On November 21, 1993, (i.e. ten days later than
the latest record for Common Nighthawk in R & E) I saw a nighthawk fly
across I-435 near Worlds of Fun in Kansas City, Missouri. Entirely,
independently of me, Don Arni also reported seeing a nighthawk (perhaps the same
bird) at another Kansas City location on the same day. These records occurred
after publication of the Robbins & Easterla book. Both were fly bys, and
neither of us could rule out Lesser Nighthawk.
Indeed, the later it gets, the more likely it is
that a nighthawk in Missouri will be a Lesser Nighthawk. Common Nighthawks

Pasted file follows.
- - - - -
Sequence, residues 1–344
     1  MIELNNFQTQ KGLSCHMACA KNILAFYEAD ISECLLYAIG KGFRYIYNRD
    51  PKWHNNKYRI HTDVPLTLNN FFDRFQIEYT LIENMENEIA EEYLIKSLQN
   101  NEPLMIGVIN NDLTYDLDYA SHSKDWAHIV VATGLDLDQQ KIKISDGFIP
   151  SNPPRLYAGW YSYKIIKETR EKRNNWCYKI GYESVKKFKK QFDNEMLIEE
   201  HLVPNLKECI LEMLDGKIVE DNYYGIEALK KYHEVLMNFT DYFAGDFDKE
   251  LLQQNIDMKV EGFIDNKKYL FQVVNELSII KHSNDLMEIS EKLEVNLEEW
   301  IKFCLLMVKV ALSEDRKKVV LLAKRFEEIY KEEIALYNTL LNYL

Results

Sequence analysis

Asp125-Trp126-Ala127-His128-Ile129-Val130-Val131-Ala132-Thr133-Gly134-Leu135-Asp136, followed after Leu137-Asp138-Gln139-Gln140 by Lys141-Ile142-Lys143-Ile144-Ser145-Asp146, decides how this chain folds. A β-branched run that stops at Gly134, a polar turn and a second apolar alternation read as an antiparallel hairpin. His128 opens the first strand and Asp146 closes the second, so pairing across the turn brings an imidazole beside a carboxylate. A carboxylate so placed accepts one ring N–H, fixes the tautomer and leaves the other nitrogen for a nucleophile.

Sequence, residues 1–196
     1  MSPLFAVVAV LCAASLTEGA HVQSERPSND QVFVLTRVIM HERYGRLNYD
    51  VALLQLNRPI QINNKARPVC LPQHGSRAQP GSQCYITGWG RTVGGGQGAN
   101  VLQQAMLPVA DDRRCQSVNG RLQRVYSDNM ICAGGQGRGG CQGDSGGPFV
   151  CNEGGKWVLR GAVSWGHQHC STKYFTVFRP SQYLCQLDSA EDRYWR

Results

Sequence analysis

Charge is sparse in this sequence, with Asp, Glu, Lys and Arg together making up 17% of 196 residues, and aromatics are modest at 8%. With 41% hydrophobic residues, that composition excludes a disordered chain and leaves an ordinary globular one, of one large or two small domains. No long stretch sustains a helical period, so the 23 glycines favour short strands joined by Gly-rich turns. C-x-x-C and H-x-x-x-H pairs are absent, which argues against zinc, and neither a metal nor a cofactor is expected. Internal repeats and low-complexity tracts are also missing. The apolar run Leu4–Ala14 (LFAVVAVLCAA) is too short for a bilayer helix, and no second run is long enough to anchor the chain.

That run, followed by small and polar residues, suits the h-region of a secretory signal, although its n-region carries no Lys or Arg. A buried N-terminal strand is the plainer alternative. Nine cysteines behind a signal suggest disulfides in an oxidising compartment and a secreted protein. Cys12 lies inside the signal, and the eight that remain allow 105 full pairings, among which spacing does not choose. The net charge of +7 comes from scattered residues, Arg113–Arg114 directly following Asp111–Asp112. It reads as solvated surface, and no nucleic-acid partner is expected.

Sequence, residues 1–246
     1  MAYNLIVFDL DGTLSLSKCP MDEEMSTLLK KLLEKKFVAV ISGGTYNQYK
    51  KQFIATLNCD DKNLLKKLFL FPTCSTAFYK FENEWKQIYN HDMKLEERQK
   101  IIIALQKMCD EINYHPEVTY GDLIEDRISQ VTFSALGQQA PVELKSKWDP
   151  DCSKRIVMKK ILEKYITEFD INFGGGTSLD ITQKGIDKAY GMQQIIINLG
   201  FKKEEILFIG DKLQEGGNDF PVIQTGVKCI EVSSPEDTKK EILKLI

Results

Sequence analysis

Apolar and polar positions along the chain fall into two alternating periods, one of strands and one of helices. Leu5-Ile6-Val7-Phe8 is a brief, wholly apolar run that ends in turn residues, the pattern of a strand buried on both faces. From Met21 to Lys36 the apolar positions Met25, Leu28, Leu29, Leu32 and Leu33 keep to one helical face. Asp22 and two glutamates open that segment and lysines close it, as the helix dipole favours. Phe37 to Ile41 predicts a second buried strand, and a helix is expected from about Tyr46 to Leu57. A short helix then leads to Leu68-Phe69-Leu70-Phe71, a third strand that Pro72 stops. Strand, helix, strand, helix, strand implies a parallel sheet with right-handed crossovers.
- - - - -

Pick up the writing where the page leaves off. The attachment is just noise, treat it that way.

winter in South America, whereas Lessers arrive earlier in spring and just
retreat southward in Mexico from the northern part of their range in winter.
Individual Lesser Nighthawks have been known to overwinter in the United
States. If the Southwestern subspecies of Cave Swallow regularly strays
northeastward as far as New England in November, why not also an occasional
I'll answer my own question. Lesser Nighthawk is
nearly impossible to separate from Common Nighthawk on the wing. If late
nighthawks are lessers, they are not making it into the record books because
nobody can identify them with sufficient certainty.
If I were on the MBRC, I would list any sight
record of a nighthawk after mid-October (perhaps earlier) as "Nighthawk